Our website uses cookies

Cookies enable us to provide the best experience possible and help us understand how visitors use our website. By browsing Infosecurity Magazine, you agree to our use of cookies.

Okay, I understand Learn more

Malware Stats Show Implemented Security Isn't Effective Security

There are four primary stages of the attack vector for malware; and security strategies are breaking down across all of them. Research shows that for many organizations, implemented security does not necessarily equal effective security.

That’s the word from Barkly, which found that for nearly half the organizations it surveyed, security designed to prevent malware delivery was bypassed, and a quarter of organizations suffered an attack that got past all security solutions and caused damage. In the last 12 months, malware was delivered to 47% of surveyed organizations, executed at 37%, caused damage at 25% and cause irreversible damage at 14%.

The issue is that too many companies have a focus on "protection" without a holistic view of how the pieces that make up that protection should work together. The result is a porous security posture that today’s sophisticated malware is making full use of, the firm concluded.

“[Protection] can refer to things as disparate as antivirus, backup or even cyber-insurance,” explained Jonathan Crowe, researcher at Barkly. “As a result, while it's certainly easy for companies to perpetually stack on more and more ‘protection,’ it can often be difficult to determine how various pieces of protection can work together. Not to mention make sure each one is protecting you in a different, complimentary, non-redundant way….we encourage companies to break down their stacks by mapping their current security solutions to the four primary stages of the attack cycle.”

The attack cycle consists of delivery, pre-execution, runtime (as malware attempts to execute, the goal is to identify and block it before damage can be done) and post-damage (remediation). An impressive four out of five companies say they have protection that addresses each stage of the attack cycle, with the numbers broken down like this:

  • 94% reported they had security designed to prevent malware delivery (ex: firewalls)
  • 84% reported they had security designed to prevent malware execution (ex: antivirus and next-generation antivirus)
  • 82% reported they had security designed to block malware in the process of executing in real time (ex: runtime malware defense)
  • 86% reported they had security designed to mitigate and/or clean up damage from malware (ex: backups)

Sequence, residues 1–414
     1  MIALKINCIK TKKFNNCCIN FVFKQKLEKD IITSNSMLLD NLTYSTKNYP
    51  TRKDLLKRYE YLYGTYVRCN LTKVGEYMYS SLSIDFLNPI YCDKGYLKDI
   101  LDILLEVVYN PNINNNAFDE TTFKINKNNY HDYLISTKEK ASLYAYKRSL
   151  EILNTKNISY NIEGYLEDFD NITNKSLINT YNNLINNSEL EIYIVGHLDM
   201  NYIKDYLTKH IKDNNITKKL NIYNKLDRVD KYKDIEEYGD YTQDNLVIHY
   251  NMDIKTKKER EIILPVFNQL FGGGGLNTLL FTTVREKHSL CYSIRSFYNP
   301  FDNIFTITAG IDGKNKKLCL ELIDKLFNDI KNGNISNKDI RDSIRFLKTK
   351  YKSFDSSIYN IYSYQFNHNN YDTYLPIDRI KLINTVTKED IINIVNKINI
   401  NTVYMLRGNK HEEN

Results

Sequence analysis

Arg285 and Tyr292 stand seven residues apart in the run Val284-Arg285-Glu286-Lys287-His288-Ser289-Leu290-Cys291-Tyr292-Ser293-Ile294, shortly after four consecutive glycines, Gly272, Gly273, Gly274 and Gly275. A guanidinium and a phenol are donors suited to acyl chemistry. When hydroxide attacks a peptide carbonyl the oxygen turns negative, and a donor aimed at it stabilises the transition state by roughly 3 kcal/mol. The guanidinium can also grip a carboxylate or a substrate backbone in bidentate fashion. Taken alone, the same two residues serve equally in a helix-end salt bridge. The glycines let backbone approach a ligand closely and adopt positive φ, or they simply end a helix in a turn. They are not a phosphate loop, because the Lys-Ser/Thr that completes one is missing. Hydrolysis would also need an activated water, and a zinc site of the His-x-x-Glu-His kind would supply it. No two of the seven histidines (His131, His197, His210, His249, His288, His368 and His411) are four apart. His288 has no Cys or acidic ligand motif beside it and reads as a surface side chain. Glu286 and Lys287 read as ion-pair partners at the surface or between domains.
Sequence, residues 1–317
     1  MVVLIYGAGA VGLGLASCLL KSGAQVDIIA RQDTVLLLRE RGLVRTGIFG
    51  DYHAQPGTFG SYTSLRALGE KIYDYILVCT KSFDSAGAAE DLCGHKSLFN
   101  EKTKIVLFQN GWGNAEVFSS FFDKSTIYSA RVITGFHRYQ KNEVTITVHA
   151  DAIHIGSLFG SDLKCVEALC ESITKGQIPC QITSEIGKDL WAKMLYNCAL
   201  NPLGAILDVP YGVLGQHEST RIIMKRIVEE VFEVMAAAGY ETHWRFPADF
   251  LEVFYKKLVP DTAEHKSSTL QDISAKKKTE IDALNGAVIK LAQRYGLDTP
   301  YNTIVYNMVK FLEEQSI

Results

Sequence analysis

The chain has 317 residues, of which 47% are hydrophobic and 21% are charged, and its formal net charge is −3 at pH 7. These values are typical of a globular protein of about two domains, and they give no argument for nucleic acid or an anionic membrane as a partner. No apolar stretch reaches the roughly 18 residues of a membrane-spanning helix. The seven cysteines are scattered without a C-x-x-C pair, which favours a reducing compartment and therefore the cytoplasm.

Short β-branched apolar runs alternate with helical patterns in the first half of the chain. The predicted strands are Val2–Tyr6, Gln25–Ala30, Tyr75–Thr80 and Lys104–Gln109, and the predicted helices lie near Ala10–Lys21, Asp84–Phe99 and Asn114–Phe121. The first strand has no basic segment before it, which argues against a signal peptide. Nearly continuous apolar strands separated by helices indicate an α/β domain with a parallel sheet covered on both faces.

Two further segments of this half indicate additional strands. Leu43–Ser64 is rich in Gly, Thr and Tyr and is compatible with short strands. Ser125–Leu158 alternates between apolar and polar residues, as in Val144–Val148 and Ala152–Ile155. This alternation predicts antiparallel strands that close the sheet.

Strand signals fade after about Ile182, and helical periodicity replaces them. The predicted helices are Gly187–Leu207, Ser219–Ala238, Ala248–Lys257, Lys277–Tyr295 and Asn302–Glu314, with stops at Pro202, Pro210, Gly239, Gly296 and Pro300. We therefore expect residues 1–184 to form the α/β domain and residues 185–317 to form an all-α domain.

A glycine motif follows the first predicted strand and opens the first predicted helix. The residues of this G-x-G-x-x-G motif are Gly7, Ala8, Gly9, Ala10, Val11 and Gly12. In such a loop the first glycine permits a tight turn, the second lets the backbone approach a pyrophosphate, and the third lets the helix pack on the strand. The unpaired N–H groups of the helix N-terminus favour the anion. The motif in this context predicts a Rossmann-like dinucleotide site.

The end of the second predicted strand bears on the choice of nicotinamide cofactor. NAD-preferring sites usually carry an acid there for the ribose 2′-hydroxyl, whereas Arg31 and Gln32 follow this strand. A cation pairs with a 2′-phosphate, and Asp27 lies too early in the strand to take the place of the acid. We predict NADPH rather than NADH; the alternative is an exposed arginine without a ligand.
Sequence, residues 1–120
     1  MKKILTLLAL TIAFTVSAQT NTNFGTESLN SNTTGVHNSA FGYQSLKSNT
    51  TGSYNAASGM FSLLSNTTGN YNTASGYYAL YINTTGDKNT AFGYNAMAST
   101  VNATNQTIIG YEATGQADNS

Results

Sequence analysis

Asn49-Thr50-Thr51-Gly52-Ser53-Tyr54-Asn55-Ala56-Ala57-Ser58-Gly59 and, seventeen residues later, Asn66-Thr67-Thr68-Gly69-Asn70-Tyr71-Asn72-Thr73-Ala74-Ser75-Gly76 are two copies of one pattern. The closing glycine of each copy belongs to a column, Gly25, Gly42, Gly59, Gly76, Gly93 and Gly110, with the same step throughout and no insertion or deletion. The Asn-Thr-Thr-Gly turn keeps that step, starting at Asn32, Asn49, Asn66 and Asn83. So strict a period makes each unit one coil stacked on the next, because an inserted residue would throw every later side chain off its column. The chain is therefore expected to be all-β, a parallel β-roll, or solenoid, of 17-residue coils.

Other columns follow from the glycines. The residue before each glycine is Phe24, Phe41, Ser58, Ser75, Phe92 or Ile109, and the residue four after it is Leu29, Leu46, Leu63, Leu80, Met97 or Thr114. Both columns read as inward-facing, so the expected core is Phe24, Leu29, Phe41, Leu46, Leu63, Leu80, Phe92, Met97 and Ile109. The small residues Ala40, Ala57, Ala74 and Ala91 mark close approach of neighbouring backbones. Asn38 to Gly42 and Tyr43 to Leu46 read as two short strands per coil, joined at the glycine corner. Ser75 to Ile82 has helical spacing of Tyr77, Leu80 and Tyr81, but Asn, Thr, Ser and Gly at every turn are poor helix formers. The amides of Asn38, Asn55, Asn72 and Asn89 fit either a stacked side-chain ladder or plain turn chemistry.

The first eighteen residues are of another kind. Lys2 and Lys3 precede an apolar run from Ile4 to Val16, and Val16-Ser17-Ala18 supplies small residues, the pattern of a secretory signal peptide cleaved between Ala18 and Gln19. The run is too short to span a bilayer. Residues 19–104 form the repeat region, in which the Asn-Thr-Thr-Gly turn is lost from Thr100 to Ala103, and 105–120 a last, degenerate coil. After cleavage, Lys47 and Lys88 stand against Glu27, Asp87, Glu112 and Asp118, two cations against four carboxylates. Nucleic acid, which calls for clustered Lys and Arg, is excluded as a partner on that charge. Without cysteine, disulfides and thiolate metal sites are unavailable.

But the responses show these precautions aren’t as effective as they should be. Out of the half of respondents that had malware delivered, 79% had their pre-execution security bypassed, as well. Two-thirds of those organizations suffered damage from the malware executing successfully. And despite reporting that they had some form of protection designed to stop malware during runtime, for 68% of the organizations that saw malware reach that point, the adventure unfortunately continued. Only a third were able to block all malware that was in the process of executing before damage was done. For over half those organizations, the damage they suffered was irreversible; i.e., data was lost or exposed, or they experienced some amount of downtime.

“Traditionally, investment in security has been concentrated at the two opposite ends of the attack cycle—either preventing malware from landing and executing or detecting and cleaning up the resulting infections when it does,” Crowe said. “Unfortunately, the point at which the largest percentage of organizations saw their protection fall down was at the pre-execution stage. Once malware was on a device, the solutions they had in place (AV, NGAV) weren't always able to stop it from executing.”

One of the biggest limitations attackers take advantage of is the reliance of security tools on file scanning, which forces pre-execution tools to make a prediction as to whether or not a file is malicious, based solely on its appearance, which attackers can often alter or disguise.

Crowe noted that in light of these statistics, runtime protection might be the next area of innovation for the security community.

“Solutions designed to react to malicious activity in real time are relatively new, and shouldn't be confused with solutions designed to detect and respond to damage and other indicators of compromise. True runtime protection blocks malware in the process of executing, before compromise has taken place,” he said. “Knowing that they can't completely count on blocking malware before it executes, organizations need to make sure they have additional protection in place that can respond to and block malware in the moment as it's attempting to do something malicious. Blocking malware during runtime represents the last opportunity organizations have to stop an attack before damage is done.”

What’s Hot on Infosecurity Magazine?